‘Pain & Gain’ Reviews: Should You See Mark Wahlberg On Steroids?

Sat, April 27, 2013 12:04pm EDT by 6 Comments
Pain And Gain Reviews
Courtesy of Paramount

‘Pain & Gain’ hit theaters on April 26 with high expectations of Michael Bay massive action and Mark Wahlberg comedy. But did the movie actually meet them? Keep reading to find out!

Pain & GainMichael Bay’s (director of Transformers and Armageddon) latest action flick starring Mark Wahlberg and Dwayne Johnson promised to be a vivid, fast-paced extravaganza that also had a ton of laughs and a better story than most of Michael’s movies, not to mention Mark and Dwayne at their most muscled-out. It looks like flat out fun, but before you go dropping your paycheck (because movies are expensive!) to see it, check out what the critics had to say!

The Reviews of ‘Pain & Gain’

New York Post

A Michael Bay film is much the opposite of the new Michael Bay film, Pain & Gain, a dizzying lowlife saga that’s fast, smart, wicked, sort of ambitious and blazingly ironic. It’s as unpredictable as a Lindsay Lohan drive to the grocery store, as overstuffed as the pictures on Anthony Weiner’s Twitter feed and as hilarious as me on the bench press.

New York Times

The opening scene, a police chase from which the rest of the story flashes back, sets a tone of hectic excess. Mark Wahlberg, running from the heavily armed forces of law and order, dashes across rooftops and lumbers, sometimes in slow motion, through streets and alleys. The camera swirls around him, freezing as a glob of saliva pops out of his mouth, dropping down to allow us a peek up his nostrils and then tilting and sliding to register the impact of his face on the windshield of a car. What follows is two hours of sweat, blood and cheerful, nasty vulgarity, punctuated by voice-over ruminations about Jesus, physical fitness and the American dream, along with a few tactical visits to a strip club. It all leaves you pondering whether you have just seen a monumentally stupid movie or a brilliant movie about the nature and consequences of stupidity.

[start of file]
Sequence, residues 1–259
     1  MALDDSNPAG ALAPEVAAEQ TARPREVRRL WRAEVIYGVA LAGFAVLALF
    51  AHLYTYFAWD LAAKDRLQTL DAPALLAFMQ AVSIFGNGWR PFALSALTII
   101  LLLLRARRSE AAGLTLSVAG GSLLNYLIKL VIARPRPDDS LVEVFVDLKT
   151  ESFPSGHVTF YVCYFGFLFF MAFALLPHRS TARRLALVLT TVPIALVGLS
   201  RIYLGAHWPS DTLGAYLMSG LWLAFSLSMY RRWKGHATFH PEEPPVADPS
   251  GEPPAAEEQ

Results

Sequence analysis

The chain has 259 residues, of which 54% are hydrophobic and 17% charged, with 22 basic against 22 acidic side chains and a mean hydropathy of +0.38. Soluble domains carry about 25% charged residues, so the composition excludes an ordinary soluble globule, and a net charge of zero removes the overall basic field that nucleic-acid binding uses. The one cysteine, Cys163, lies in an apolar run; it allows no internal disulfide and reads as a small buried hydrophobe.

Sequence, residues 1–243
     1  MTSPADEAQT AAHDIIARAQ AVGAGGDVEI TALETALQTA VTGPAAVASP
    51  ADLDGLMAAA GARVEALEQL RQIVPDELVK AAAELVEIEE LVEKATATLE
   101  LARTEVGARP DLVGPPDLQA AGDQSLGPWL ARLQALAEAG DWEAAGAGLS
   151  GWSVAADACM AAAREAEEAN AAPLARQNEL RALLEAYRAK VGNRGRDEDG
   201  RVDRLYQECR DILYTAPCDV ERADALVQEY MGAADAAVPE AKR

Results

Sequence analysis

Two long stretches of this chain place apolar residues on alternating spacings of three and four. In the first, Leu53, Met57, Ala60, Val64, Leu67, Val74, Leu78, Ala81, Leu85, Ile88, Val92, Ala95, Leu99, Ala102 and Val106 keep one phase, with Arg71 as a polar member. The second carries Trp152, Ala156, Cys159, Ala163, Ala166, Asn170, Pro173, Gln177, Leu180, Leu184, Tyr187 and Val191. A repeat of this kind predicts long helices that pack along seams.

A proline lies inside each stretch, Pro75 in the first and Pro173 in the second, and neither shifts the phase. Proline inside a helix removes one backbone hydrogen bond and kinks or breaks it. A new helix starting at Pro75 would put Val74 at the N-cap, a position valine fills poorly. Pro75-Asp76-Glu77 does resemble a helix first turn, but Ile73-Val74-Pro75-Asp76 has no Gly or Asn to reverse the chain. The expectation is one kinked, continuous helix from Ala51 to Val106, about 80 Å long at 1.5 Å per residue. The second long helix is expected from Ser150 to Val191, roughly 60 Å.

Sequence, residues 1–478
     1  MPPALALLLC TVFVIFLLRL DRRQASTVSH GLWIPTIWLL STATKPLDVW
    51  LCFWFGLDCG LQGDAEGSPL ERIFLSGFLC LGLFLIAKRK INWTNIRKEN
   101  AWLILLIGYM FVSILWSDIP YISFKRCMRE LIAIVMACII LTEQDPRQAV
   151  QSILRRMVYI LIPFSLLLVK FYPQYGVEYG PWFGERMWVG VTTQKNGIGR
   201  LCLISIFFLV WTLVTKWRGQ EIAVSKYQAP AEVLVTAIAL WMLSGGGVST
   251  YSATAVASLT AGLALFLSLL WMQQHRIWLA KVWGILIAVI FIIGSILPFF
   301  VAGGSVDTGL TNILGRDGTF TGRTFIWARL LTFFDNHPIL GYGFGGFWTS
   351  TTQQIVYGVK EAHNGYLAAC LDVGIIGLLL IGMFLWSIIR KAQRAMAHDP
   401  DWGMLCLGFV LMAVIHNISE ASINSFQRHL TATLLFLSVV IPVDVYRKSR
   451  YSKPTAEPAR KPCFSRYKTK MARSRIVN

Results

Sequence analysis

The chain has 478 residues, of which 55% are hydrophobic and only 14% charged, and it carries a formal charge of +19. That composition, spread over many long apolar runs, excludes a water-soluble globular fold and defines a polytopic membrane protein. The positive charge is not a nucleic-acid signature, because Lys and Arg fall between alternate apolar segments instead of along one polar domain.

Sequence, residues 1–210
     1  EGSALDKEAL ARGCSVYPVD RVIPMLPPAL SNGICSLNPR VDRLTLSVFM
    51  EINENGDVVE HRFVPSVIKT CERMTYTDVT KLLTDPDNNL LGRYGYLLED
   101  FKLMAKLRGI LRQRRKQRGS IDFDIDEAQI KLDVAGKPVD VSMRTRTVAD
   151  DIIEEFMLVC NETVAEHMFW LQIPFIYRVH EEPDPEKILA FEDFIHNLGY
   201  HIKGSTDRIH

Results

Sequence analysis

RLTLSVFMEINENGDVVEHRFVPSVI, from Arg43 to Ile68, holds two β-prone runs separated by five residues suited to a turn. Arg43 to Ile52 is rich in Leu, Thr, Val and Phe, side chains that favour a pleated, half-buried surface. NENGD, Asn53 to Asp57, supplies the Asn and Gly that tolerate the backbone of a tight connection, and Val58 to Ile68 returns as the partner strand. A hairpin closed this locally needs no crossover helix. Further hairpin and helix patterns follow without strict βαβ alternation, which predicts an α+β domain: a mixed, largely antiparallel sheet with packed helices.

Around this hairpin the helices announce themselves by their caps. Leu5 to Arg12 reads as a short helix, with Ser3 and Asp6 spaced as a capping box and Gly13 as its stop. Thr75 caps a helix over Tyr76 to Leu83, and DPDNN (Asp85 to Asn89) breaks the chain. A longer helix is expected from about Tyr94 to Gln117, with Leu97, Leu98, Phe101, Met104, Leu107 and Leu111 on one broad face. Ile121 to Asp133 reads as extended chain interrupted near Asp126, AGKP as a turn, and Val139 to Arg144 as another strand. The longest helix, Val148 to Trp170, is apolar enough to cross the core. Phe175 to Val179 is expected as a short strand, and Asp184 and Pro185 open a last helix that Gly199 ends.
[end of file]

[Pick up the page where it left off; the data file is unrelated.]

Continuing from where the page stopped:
Los Angeles Times

When Michael Bay goes small, Pain & Gain happens. Humans handle the bone-crunching. The gore becomes gorier. The dialogue increases substantially too. Metal things may not transform, but they still make a world of hurt delivered by “Pain & Gain’s” iron-pumping bodybuilders.

AV Club

Set in sun-baked, steroid-addled ’90s Florida, Pain & Gain buffs up an ostensibly true story of greed and ruthless ambition into a comic-book macho fantasy of upward mobility gone awry. Any pretensions of satire, moral ambiguity, or social commentary get lost in a hurricane of empty, mindless spectacle.

Village Voice

Though this story needs no embellishment, Bay can’t help himself. He adds wild sidebars and shoot-outs to the already-insane material. At one point, a character feeds his own severed toe to a chihuahua. Bay injects slo-mo effects, Instagram-esque freeze-frames, and B-movie-style gore. These cheap tricks work like movie steroids, unnaturally inflating the appearance of what’s happening onscreen—and diminishing its overall, uh, potency.

You know what? Even the bad reviews make this movie sound like a ton of fun! Let us know what you think of Pain & GainHollywoodLifers!

WATCH: Pain & Gain Trailer

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